I attended the latest art-show opening reception at the Newark Print Shop ("NPS") on Saturday evening. My friend Jerry came in from Manhattan to accompany me. It's good to have a friend with whom to compare reactions.
NPS principal Samer (pronounced sáam.er) Fouad (f'úe.wod, or is it fúe.waad?) straightened the bottom leftmost of the smaller prints when he saw I was about to take a picture, then said, "NOW you can take the picture!" He's a good kid, and a (fotograffic) artist in his own right. I am NOT a fotograffic artist, only a fotograffic documentarian who works to show what is happening in Newark today.
This is the description of that art show from the emailed invite. (I indicate some minor corrections to the English, in brackets. Graffic artists are éxperts in the arts. Their texts, however, sometimes require correction by éxperts in English.
For an opening reception:
Saturday[,] Sept[.] 26th 6-10pm
Newark Print Shop
304 University Ave[.], Newark, NJ 07102
PRINTERS IN RESIDENCE III:
The artwork of Sharon Lindenfeld, Angela Pilgrim, and Luke Walter.
This exhibition showcases the artwork created by our 2015 resident artists[,] Sharon Lindenfeld, Angela Pilgrim, and Luke Walter. For six months, these artists have had unlimited access to facilities at the shop to explore and engage with fine[-]art printmaking processes in order to expand their artistic practice. This exhibition highlights the importance of accessibility to workspace and resources as it showcases work created in an active, cooperative print shop right here in Newark. The exhibition is on view from September 26 through November 13, 2015.
These large prints were, according to Pete Tuomey, created on copper plates cut from roofing copper. I thought the large figure on the left in the bottom two panels looked like a cat. Pete thought it more like a potato! That's the kind of variation you can get with abstract art.
Here's more info about the artists, from the NPS website.
SHARON LINDENFELD is a Weehawken, NJ[-] based printmaker whose work depicts ambiguous, dreamlike landscapes. She begins with small observational drawings, then blows them up into large-scale prints. The images are then transformed through the use of experimental printmaking processes. Sharon completed her undergraduate degrees in printmaking at Dartmouth College and The School of the Art Institute of Chicago and earned her MFA at Indiana University—Bloomington. Her work has been exhibited nationally and internationally, including at the Krakow Print Triennial in Krakow, Poland; the Lu Haisu museum in Shanghai, China; International Print Center in New York; and El Minia University in El Minia, Egypt. She has worked the last two years as an editions printer at various printmaking studios across New York City.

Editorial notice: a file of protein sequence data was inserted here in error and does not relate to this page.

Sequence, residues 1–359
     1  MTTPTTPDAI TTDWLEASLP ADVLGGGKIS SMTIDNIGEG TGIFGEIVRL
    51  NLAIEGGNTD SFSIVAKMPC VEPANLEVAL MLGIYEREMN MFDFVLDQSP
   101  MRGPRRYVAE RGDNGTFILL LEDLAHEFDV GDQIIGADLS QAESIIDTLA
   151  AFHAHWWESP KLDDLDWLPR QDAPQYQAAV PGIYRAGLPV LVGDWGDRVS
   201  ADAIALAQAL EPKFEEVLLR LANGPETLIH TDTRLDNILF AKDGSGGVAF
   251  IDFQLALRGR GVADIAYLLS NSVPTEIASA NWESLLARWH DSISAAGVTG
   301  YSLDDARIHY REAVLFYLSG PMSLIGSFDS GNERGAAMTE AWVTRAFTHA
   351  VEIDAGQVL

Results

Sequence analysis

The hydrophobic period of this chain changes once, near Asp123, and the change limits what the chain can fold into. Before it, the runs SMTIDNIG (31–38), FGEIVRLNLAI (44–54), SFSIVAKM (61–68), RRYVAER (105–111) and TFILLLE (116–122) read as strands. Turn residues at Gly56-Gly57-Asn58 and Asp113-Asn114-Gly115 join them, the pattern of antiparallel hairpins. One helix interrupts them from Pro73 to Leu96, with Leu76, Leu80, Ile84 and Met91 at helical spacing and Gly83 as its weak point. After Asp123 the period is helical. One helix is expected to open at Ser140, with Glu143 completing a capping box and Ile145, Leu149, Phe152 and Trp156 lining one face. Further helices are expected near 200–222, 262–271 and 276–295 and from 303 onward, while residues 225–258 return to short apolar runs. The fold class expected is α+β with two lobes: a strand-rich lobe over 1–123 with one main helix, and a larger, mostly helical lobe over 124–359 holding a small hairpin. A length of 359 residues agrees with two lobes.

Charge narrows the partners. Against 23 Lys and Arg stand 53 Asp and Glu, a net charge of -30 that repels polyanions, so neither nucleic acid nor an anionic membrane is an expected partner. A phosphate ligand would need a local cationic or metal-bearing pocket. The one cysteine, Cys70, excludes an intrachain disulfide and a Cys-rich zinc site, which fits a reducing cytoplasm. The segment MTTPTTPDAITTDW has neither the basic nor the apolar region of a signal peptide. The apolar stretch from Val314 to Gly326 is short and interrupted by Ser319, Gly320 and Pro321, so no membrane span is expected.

Armed with that additional information, perhaps you can identify the artist who created each of the pieces I show today without my supplying ID's. I do, however, identify the works of two of the artists, so supplying the third should be no problem. Permit me to suggest to NPS that if you mention the year of birth of one of three artists you feature, readers would appreciate knowing the year of birth of the other two artists as well.
ANGELA PILGRIM is a self[-]taught artist born in Paterson, NJ in 1991. Pilgrim works predominantly in the medium of painting and Illustration, but has recently expanded her work to large[-]scale screen prints on fabric. Influenced by her African American background, the subject matter of her work is primarily people of color. Her work can be described as pop-infused contemporary art inspired by the styles of artists such as Henry Matisse, Kara Walker and Mickalene Thomas. She has shown work and is included in private collections along the East and West Coast. She is currently completing her 2015 Artist in Residence Program in Newark, NJ.
LUKE WALTER chose to pursue still photography at the School of Visual Arts in New York City following a year of film study at Ithaca College. He earned a Bachelor of Fine Arts degree, acquiring a wealth of knowledge he would later implement in both personal and commercial endeavors. Luke has since done just that, continuously producing photo and video work for clients, and exhibiting his art in various venues. While he travels as much as possible, he resides in New Jersey, working throughout the NYC metropolitan area.
I found very interesting the different things that the prints in this show were printed ON. I spotted Pete Tuomey, a former principal of Red Saw Gallery and perhaps also its successor, Index Art Center, and he told me about some of the items in this show, which info I share with you now.
The prints below by Luke Walter were laid down upon castoff plywood from an Ikea crate, cut to appropriate sizes.
According to Pete, these next small works, each no more than at most 3" on the long side, are also by Luke Walter, and are printed on handmade paper. Pete participated in the papermaking workshop held outside NPS a couple of months ago, and regaled me with how some of these papers were made. I had wanted to get to that event to take pix, but it was too early in the day for me, in that I am still, years after retiring, on an evening- or graveyard-shift sleep cycle. Gallery Aferro also had a session on papermaking the day before NPS's workshop, but I'm not clear whether Pete attended both or just the one outside NPS.
In any case, the faint-blue rectangles above were made from worn-out denim (jeans, I assume). Pete told me how the cloth was smashed down into pulp to make the paper. Others of the rectangles in this picture were made from other sources of pulp. Once that freshly, hand-made paper had dried, perhaps in a locker outside the 2d-floor entrance to NPS, it was printed upon by, I think, silkscreen, all within this art-making complex at the corner of University Avenue and Campbell Street in Downtown Newark. The whole process, from beginning to end, from MAKING paper to printing on it to displaying it in a small gallery, was done right here in New Jersey's most cultured city. I don't know if you are impressed by that, but I am.
I just love Newark.
I saw at this show some people I hadn't seen out and about for a long time, such as Newark fotografers Sandro Gomes and his long-time (domestic) partner Luisa Pinzón. Sandro wondered if I remembered him, and I only vaguely did. I said, "You're from Portugal." Quite so. Once he told me his first name, I then came up with "Gomes" (pronounced, in Portuguese, góe.mesh), and he congratulated me on having a good memory. Unfortunately, that was largely wrong, and I couldn't remember the name of his partner, who I think is from Colombia — but don't quote me. I looked online to see if that was correct, but did not find instant confirmation. She told me her first name, because I couldn't remember it after perhaps as long as three or even more years of not seeing her out and about at Newark art events. And why would that be? It puzzles me that I often do NOT see major Newark arts stalwarts at various art events outside their own venue.